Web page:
RESPONDENT:State of Louisiana
DOCKET NO.: 06-10119
DECIDED BY: Roberts Court (2006-2009)
LOWER COURT: Louisiana Supreme Court
CITATION: 552 US 472 (2008)
GRANTED: Jun 25, 2007
ARGUED: Dec 04, 2007
DECIDED: Mar 19, 2008
Stephen B. Bright – on behalf of the Petitioner
Terry M. Boudreaux – on behalf of the Respondent
Facts of the case
In capital murder trial of Allen Snyder, an African-American, the prosecution used peremptory (automatic) challenges to dismiss five African-American prospective jurors. This resulted in Snyder being tried by an all-white jury, which found him guilty and approved the death penalty. The defense argued that the prosecution’s striking of the black jurors was racial discrimination in violation of the Equal Protection Clause, according to the standard set forth by the Supreme Court inBatson v. Kentucky. As part of its case for the prosecution’s alleged discriminatory intent, the defense cited two of the prosecutor’s statements comparing the case to the O.J. Simpson murder trial. After having indirectly referred to the Simpson trial before jury selection, the prosecutor had invoked the case again during the sentencing phase, comparing aspects of Snyder’s case to Simpson’s and noting that the latter defendant “got away with it.” The trial court applied theBatson framework and denied the defense’s challenges.
On appeal, the Louisiana Supreme Court upheld the trial court, ruling that the trial judge had not acted unreasonably when he accepted the prosecution’s race-neutral justifications for the dismissals of the black jurors. The court ruled that the O.J. Simpson references were harmless comparisons made in the course of a rebuttal, and it noted that the prosecution had not mentioned Simpson’s or Snyder’s race. When the Supreme Court instructed the state court to reconsider the case in light ofMiller-El v. Dretke, which requires that courts consider the totality of the circumstances when evaluating discriminatory intent, the court affirmed the trial court a second time.
Did the state’s dismissal by peremptory challenge of all of the black potential jurors, combined with the prosecution’s comparisons of the case to the O.J. Simpson trial, amount to a violation of the Equal Protection Clause?
Media for Snyder v. Louisiana
Audio Transcription for Opinion Announcement – March 19, 2008 in Snyder v. Louisiana
Samuel A. Alito, Jr.:
And this case comes to us on writ of certiorari to the Louisiana Supreme Court.
Petitioner Allen Snyder was convicted of first-degree murder in a Louisiana court and sentenced to death.
The Louisiana Supreme Court rejected petitioner’s claim that the prosecution exercised some of its peremptory strikes based on race in violation of Batson versus Kentucky because we find that the trial court committed clear error in overruling a Batson objection to the strike of juror Jeffrey Brooks, we reverse.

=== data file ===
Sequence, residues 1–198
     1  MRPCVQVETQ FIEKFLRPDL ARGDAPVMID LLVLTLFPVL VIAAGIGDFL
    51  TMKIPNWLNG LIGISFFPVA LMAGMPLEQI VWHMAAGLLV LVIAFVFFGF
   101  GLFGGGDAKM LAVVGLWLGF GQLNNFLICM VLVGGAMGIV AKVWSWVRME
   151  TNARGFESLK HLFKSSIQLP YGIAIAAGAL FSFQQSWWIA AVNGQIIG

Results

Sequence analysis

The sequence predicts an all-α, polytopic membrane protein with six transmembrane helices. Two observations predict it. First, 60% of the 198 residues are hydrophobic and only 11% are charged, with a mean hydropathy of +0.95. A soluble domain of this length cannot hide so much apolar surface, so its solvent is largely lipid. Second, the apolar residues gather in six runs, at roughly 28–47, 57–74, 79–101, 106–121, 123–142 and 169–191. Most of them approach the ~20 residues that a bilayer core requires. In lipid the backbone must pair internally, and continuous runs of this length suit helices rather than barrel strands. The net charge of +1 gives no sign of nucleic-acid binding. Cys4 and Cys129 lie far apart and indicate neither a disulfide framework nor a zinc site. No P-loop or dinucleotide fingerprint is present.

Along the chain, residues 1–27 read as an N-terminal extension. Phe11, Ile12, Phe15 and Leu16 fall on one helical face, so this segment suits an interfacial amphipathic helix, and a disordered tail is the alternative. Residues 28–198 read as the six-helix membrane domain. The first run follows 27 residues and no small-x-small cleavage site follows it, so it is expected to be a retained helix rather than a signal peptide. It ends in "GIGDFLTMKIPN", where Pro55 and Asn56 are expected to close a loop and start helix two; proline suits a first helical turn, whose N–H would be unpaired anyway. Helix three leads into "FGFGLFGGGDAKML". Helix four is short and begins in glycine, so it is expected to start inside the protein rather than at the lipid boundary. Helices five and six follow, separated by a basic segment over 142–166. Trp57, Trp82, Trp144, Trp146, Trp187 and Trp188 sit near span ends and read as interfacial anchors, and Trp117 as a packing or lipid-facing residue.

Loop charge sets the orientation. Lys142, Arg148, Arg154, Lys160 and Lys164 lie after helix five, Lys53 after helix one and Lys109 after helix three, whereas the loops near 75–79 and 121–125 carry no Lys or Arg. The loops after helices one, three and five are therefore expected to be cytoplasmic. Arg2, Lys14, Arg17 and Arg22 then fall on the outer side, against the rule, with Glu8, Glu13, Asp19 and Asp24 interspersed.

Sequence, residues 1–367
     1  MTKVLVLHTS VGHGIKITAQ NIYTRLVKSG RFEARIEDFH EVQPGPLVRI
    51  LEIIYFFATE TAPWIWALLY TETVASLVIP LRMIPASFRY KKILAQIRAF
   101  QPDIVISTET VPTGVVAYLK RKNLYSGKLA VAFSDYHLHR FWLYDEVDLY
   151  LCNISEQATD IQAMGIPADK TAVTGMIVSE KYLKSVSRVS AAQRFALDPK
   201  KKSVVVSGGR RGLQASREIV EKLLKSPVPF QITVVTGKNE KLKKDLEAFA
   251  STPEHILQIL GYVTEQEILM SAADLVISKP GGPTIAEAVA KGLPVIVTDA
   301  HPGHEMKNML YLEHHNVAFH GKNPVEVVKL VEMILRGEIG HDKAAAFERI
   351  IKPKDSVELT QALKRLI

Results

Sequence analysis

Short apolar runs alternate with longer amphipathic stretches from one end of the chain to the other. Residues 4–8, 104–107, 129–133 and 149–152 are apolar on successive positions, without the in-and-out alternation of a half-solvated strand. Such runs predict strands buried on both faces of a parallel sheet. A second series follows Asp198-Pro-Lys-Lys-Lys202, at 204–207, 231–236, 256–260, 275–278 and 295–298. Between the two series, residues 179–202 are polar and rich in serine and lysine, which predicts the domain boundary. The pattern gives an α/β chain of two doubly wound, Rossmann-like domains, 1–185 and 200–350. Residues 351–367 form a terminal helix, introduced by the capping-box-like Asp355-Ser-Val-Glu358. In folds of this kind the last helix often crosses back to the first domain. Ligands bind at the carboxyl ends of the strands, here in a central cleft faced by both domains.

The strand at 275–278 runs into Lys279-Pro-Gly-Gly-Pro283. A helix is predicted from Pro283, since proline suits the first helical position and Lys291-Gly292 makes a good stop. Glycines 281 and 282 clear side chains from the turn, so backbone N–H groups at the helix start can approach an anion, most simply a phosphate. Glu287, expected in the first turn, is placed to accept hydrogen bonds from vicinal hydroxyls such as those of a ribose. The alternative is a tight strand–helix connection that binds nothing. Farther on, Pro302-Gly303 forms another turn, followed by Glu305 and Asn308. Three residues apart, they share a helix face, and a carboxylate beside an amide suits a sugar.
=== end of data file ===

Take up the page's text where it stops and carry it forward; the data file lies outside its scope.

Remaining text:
Batson provides a three-step process for trial court to use in deciding a claim regarding a peremptory challenge that is alleged to have been based on race.
This case concerns the third step of that process at which the trial court must determine whether the objecting party had shown intentional discrimination because the third step often involves credibility, determinations and firsthand observations that are peculiarly within the trial court’s province, the trial court’s ruling should be disturbed only when there is clear error.
The prosecution gave two reasons for striking Mr. Brooks, a college senior.
First, that Mr. Brooks looked nervous during voir dire.
And second, that Mr. Brooks expressed the concern that service on the jury would conflict with his student teaching obligations.
The trial court did not explain the basis for overruling the Batson objection and we therefore cannot presume that the trial judge made a finding on Mr. Brooks’ demeanor.
Indeed, the prosecution struck Mr. Brooks a day after he was questioned during voir dire.
The judge may not have even remembered Mr. Brooks’ demeanor at that point or may have found it unnecessary to consider his demeanor basing his ruling on the second proffered justification alone.
The second justification fails even the deferential standard of review applicable here.
When Mr. Brooks came forward to express concern that jury service would conflict with his student teaching obligations, the Court called the dean at Mr. Brooks’ college.
The dean said that there would not be a problem if Mr. Brooks missed one week of student teaching.
During voir dire, the prosecutor stated that he did not think that the trial would last through the weekend, and it did not.
If Mr. Brooks had served on the jury, he would have missed only two additional days of student teaching.
The implausibility of this explanation is reinforced by the prosecutor’s acceptance of white jurors who disclosed conflicting obligations that appeared to have been at least as serious as Mr. Brooks’.
The pretextual explanation of the strike of Mr. Brooks naturally gives rise to an inference of discriminatory intent.
In other context, we have held that once it is shown that a discriminatory intent was a substantial or motivating factor in an action taken by a state actor, the burden shifts to the State to show that the factor was not determinative.
Assuming that the standard applies in the Batson context, we conclude that the record does not show that the prosecution would have challenged Mr. Brooks based on his alleged nervousness alone.
We therefore reverse the judgment of the Louisiana Supreme Court.
Justice Thomas has filed a dissenting opinion in which Justice Scalia has joined.